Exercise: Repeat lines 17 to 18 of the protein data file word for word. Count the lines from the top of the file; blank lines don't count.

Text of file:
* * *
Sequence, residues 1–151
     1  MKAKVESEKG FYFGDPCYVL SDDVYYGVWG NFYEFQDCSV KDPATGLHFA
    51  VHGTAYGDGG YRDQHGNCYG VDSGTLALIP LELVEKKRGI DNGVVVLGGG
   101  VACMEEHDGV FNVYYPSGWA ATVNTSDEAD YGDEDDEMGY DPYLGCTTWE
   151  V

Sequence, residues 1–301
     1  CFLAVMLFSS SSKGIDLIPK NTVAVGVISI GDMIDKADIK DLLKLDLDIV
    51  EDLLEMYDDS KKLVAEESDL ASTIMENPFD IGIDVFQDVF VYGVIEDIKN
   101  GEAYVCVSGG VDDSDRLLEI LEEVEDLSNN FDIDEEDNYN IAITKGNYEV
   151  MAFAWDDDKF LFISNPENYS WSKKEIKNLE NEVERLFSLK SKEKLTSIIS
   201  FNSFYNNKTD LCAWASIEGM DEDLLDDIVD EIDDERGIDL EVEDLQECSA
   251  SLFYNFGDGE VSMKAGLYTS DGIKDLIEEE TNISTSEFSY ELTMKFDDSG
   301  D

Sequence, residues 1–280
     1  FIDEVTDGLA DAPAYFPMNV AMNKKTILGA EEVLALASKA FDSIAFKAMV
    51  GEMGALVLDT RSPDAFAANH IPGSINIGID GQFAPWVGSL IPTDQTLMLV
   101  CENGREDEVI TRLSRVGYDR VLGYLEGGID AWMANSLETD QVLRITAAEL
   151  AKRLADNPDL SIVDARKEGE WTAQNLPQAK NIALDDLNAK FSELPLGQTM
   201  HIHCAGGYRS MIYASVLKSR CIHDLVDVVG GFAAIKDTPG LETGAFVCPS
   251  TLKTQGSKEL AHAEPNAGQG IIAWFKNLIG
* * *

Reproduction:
   101  CENGREDEVI TRLSRVGYDR VLGYLEGGID AWMANSLETD QVLRITAAEL
   151  AKRLADNPDL SIVDARKEGE WTAQNLPQAK NIALDDLNAK FSELPLGQTM